Some federal and foundation funders have taken the additional step of becoming ORCID members and integrating ORCID identifiers into grant submission systems, among them Autism Speaks, the US Department of Energy, the US Food and Drug Administration, Fundação para a Ciência e a Tecnologia (FCT), Japan Science and Technology Agency, Qatar National Research Foundation, the US National Institutes of Health, the UK National Institute of Health Research, and Wellcome Trust.
The Wellcome Trust has been a supporter of ORCID since our inception, recognizing the potential for ORCID to reduce the administrative burden and inefficiencies in grant application and research activity reporting systems. As a first step, Wellcome Trust has integrated ORCID identifiers into its eGrants online grant application system.
Autism Speaks, another foundation funder, also started by integrating ORCID identifiers into its grant application system. However, as Ed Clayton, Senior Director of Strategic Funding and Grants Administration, explained at a January meeting in New York City, as they discussed plans, they found more opportunities for both the foundation and their grantees if they implemented ORCID more broadly in their systems, from pre-award to post-award and in linkages and information exchange with other funders and publishers.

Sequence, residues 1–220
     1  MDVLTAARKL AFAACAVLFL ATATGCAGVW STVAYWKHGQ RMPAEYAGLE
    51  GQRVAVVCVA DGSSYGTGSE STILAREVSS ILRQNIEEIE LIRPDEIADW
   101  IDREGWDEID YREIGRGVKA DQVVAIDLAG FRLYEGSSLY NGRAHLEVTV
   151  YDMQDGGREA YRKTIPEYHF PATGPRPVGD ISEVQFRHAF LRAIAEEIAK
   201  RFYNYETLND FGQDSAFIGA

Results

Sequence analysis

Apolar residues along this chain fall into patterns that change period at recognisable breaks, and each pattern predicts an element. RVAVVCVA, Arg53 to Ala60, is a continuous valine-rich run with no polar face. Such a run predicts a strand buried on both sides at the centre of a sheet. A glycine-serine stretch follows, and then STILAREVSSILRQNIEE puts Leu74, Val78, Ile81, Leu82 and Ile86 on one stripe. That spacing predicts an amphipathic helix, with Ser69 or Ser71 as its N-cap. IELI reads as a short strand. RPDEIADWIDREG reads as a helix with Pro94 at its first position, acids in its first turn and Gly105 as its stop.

Among federal funders in the United States, the Department of Energy Office of Science and Technology (OSTI) was the first to integrate ORCID identifiers. OSTI has integrated ORCID iDs into its announcement notices and grants processing systems. Also a research producing organization, OSTI also encouraged its staff and contractors to include ORCID identifiers in written work products, and is including identifiers in the author information and search and retrieval process for DOE databases such as SciTech Connect and in products managed by OSTI such as Science.gov, World Wide Science.org, and the ETDEWEB.
We reported earlier that the US National Institutes of Health has integrated ORCID identifiers into its ScienCV platform, an online professional profile that can be made public to share with others. In SciENcv users can document their education, employment, research activities, publications, honors, research grants, and other professional contributions. Another biomedical funder, the Australian National Health and Medical Research Council has taken the initial steps to request ORCID identifiers in their online grants application system.